Cindy: I used to be a digital creative director and Pamela used to be a casting director. One day we decided to leave everything, come to Barcelona and open a Lebanese restaurant. It’s the craziest adventure ever! But it’s really been an amazing ride and now we are based in Barcelona in which we’ve created this beautiful Bistro called Beryti (the word comes from Latin, “Berit”, which is the traditional name for Beirut, and we thought of adding a personal touch to it: most words in Lebanese that end in “i” mean “mine”, so the restaurant’s name means “my Beirut”).

How was your experience when you first moved to Barcelona?

Pamela: It wasn’t that easy, but it was so beautiful in its entirety to come here, not speaking the language or knowing anybody here. Searching for a place to open our restaurant was the biggest challenge.

Cindy: You have to keep in mind that neither of us comes from this industry. But, in a very humble way, when you’re born and raised Lebanese you have a set of skills to make it happen wherever you go. So we actually managed to set up our bistro in a small period of time, with all the challenges we were faced with.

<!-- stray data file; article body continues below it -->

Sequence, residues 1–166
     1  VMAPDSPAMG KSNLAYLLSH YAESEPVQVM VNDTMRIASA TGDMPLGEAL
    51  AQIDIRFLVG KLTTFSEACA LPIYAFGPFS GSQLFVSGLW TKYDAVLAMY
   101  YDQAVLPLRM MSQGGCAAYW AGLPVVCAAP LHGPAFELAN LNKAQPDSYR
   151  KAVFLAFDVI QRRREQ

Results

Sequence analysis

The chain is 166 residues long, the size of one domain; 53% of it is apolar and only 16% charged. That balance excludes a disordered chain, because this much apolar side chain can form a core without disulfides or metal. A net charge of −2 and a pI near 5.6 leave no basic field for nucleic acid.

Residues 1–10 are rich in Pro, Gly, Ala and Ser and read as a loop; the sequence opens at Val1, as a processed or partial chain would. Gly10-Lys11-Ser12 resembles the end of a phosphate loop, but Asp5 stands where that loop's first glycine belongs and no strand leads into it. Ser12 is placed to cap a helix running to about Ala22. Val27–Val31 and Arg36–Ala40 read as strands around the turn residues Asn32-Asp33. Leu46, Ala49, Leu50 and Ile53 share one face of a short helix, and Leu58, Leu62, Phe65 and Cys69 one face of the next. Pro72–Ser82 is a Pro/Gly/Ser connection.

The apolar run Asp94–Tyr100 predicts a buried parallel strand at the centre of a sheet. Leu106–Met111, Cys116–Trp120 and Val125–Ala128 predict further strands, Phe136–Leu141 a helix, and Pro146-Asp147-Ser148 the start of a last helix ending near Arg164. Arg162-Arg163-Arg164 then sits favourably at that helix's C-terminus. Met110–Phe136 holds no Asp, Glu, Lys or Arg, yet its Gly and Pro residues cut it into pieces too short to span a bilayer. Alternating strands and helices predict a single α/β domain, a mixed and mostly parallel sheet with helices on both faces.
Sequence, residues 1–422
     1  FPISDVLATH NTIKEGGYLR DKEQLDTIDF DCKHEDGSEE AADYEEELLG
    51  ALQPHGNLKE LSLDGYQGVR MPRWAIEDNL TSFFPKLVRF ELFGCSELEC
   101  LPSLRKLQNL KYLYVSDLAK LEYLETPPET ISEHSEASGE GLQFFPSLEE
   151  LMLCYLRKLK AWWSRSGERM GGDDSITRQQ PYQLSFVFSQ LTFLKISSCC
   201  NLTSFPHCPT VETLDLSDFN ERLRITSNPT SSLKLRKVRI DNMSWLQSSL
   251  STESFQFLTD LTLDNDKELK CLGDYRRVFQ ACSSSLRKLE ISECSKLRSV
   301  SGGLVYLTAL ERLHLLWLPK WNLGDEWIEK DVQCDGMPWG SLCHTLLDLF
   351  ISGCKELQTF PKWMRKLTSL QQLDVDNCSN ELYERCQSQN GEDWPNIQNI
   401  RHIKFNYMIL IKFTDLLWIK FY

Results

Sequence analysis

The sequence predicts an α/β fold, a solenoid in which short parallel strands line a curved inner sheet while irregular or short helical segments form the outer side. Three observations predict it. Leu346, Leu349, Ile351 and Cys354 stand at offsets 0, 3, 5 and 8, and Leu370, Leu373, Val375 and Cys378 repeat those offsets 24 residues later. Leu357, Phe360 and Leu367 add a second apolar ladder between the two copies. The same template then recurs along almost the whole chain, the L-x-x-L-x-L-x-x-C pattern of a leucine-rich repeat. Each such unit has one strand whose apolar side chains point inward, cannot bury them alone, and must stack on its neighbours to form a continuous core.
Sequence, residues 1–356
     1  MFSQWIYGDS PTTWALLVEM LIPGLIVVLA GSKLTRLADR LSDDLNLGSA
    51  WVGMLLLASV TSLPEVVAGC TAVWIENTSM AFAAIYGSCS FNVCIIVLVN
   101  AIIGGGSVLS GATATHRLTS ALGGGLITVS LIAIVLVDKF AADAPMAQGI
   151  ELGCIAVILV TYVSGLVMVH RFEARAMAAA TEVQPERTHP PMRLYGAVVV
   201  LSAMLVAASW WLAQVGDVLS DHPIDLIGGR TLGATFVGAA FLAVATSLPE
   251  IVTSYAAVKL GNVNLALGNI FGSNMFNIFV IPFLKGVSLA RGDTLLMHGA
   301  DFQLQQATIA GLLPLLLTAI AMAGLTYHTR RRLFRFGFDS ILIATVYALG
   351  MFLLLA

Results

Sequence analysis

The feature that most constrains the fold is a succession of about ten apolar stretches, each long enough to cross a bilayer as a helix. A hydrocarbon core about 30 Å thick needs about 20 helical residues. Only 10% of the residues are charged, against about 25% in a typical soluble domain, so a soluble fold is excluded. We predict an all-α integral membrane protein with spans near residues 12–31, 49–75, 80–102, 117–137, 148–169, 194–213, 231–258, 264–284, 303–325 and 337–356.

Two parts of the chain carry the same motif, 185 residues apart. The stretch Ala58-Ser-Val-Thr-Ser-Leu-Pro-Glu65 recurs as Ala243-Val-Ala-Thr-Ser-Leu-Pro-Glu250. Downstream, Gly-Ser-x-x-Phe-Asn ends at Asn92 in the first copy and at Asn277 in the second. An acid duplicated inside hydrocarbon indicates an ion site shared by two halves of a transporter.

How did the lockdown affect Beryti and what did you do?

Cindy: Going from being an employee with a 9-to-6 job to being an entrepreneur and working 26 hours per day (if that’s even possible!) with huge uncertainty (with or without a pandemic, being an entrepreneur will always mean dealing with a great deal of uncertainty) was complicated enough in its own right, but now, add a pandemic to the mix…Entrepreneurs usually have very little time to relax, but the lock-down gave us a chance to sit down, rest for a few weeks and have some space — mentally and psychologically — to think of what to do next. Ever since we set foot in Barcelona, up until we closed in March, it was an ongoing struggle to bring Beryti to life.